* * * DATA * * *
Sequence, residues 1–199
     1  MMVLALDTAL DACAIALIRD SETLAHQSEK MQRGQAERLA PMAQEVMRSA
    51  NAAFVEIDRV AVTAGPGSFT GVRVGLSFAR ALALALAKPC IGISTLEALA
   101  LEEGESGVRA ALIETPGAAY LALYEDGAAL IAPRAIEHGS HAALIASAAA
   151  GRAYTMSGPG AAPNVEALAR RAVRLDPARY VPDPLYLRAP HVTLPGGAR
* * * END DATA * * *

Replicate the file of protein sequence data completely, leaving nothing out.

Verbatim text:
Sequence, residues 1–199
     1  MMVLALDTAL DACAIALIRD SETLAHQSEK MQRGQAERLA PMAQEVMRSA
    51  NAAFVEIDRV AVTAGPGSFT GVRVGLSFAR ALALALAKPC IGISTLEALA
   101  LEEGESGVRA ALIETPGAAY LALYEDGAAL IAPRAIEHGS HAALIASAAA
   151  GRAYTMSGPG AAPNVEALAR RAVRLDPARY VPDPLYLRAP HVTLPGGAR